Authors: Michael J. Nelson
ere's your time card. Do you know how to work these?” asked Ponty's trainer, Suzanne.
“You push it into the slot, right?”
“Right. This end first. You take and push it into the slot like this.” She pushed a dummy card into the slot. “Just like that. Why don't you take and grab this card and go ahead and try it?”
Pontius took the dummy card from her, pushed it into the slot, and at that moment in his life achieved an unsurpassable, almost transcendent new low.
“Let's go get you a uniform.”
The official Medieval Burger hat troubled Ponty a great deal. Six inches tall, constructed of some sort of synthetic mesh, puffy foam, and high-impact plastic, it was the first hat he'd ever worn to feature a battlementâor any kind of defensive structure, for that matter. Besides feeling that they were wholly incompatible with one's inalienable right to dignity, Ponty simply could not believe that colorful hats were an effective tool for selling lunch items. More than that, he had strong reservations about the whole medieval theme. One didn't have to be an
expert in European historyâand Ponty wasn'tâto know that medieval sanitary conditions were nothing to be admired or emulated. Sewage was disposed of openly, ditches flowed with filth, people relieved themselves out of windows, and there were few clean water sources. Plus, there were no such things as hamburgers, let alone Knave Burger Meal Combos. Still, his position there kept the wolves from the door, so he put his head down and did his job.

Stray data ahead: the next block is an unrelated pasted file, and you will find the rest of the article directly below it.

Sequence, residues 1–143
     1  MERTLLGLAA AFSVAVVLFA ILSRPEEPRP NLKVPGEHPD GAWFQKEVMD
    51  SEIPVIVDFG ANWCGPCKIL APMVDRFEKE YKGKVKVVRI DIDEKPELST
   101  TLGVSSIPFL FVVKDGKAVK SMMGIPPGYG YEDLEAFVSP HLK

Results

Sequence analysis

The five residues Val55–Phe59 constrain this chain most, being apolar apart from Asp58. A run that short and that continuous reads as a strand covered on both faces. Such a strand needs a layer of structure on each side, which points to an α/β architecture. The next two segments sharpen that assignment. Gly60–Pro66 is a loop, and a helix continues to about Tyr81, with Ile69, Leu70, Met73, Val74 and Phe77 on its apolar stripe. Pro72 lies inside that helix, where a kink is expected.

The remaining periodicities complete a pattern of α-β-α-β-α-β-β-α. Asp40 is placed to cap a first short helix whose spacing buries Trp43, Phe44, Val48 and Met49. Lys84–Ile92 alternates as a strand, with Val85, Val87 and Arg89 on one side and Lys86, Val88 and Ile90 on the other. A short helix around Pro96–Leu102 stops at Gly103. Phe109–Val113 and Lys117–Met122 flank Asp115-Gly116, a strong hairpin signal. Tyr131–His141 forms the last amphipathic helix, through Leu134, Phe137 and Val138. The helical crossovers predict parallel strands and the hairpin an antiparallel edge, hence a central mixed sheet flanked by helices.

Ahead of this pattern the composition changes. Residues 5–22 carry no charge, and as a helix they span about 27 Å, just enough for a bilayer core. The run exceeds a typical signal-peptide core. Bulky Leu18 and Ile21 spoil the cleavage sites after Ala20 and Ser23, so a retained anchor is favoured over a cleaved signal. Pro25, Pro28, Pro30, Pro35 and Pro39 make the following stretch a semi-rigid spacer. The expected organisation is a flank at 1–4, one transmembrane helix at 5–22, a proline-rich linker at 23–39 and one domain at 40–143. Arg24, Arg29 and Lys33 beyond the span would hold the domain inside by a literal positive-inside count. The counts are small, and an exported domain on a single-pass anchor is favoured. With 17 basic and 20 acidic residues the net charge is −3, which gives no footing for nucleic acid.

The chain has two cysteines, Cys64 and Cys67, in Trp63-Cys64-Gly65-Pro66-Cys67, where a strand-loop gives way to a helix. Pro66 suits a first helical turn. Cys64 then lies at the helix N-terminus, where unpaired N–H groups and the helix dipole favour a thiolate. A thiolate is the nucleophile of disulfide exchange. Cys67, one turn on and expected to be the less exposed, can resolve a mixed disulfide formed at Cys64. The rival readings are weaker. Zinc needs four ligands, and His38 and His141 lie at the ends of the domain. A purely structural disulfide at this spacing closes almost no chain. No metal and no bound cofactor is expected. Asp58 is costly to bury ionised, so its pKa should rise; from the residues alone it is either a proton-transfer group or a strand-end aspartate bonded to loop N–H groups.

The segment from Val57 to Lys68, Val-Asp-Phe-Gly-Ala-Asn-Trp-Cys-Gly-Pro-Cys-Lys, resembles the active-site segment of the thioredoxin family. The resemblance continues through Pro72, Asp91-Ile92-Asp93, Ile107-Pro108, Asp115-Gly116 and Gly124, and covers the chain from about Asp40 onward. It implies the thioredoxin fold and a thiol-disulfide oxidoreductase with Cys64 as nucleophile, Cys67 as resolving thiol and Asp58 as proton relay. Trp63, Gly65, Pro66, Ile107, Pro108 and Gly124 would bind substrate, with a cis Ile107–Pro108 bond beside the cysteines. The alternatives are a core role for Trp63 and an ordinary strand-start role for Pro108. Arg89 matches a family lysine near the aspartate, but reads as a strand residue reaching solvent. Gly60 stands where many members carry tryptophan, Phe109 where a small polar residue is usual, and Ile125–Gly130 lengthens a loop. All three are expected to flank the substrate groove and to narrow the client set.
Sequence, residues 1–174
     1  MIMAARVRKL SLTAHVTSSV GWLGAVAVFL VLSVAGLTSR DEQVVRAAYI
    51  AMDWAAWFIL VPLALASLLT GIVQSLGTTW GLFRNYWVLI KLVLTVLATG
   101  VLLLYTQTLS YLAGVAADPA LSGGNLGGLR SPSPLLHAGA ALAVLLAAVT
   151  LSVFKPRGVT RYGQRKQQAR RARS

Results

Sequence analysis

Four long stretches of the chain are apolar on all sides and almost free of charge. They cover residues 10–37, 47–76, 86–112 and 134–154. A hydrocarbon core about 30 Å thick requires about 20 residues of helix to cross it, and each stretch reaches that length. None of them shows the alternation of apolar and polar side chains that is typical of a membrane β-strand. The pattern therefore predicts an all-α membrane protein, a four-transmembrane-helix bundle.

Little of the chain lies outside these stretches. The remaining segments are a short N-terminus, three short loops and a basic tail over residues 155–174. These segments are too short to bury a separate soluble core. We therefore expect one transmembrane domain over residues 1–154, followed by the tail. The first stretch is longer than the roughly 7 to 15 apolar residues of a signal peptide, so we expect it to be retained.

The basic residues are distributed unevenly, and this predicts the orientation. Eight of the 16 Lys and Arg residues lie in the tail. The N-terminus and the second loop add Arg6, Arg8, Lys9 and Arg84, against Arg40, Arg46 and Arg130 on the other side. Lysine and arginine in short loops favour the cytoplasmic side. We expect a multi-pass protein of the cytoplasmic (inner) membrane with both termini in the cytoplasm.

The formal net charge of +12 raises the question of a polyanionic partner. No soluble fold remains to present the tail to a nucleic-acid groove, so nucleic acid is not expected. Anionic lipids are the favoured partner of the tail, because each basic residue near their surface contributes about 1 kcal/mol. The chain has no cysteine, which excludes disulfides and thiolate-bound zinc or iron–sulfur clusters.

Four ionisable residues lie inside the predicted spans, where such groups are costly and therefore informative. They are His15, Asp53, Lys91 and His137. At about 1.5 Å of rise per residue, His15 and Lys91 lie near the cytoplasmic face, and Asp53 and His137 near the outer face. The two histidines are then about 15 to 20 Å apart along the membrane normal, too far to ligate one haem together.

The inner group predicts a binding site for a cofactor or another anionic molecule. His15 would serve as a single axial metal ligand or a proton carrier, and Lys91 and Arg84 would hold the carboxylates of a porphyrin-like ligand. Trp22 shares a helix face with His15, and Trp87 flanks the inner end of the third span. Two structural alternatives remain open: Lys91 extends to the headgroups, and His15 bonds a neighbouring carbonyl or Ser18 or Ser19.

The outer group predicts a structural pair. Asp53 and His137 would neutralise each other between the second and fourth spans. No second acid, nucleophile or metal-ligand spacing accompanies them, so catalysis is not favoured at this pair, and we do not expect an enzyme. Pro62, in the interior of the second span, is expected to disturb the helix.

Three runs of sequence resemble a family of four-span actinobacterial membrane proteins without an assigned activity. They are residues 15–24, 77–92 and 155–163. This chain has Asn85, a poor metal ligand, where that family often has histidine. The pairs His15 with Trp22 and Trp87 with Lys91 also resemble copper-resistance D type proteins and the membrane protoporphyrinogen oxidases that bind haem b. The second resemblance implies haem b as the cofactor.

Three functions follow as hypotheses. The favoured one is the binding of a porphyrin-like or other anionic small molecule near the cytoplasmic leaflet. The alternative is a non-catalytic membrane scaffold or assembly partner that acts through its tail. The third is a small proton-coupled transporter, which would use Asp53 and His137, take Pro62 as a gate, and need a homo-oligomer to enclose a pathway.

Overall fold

He worked efficiently and stayed to himself, taking extra shifts when they were offered and squirreling away as much money as he could. He stitched a terry headband into the inside of his hat to prevent itching and chafing. If it was slowly eroding his soul to have to fill the drawbridge-shaped ketchup dispensers or wipe down the trompe l'oeil house depicting ancient masonry, he ignored it as best he was able.
If not for his singular purpose of making a living, Ponty knew he would be lost. Where was he going with his life? Had
been some strange cul-de-sac along the road to his inevitable ruin? Would he spin out his golden years like Macbeth, his way of life fallen into the sere, the yellow leaf? Honor, love, obedience, troops of friendsâshould he expect to have none of these? Would he die alone in his shabby little room (assuming Sags was out when he passed), a tall foam novelty hat on his head, an unpublished rat novel tucked pathetically in his desk drawer? He had now fulfilled what he believed were his brother's expectations by failing.
A month into his ignominious tenure at Medieval Burger, he was frying taco salad baskets and, to his further disgrace, doing an excellent job of it, when Sheila, one of the very few front-of-house workers who would talk to him, passed behind and said in a conspiratorial sotto voce, “Check out the new stiff.”
Suzanne was at a register, and though Ponty could not make out her words over the din of the exhaust fans and the spattering grease, he presumed she was brusquely and condescendingly issuing instructions. This was not unusual at all. What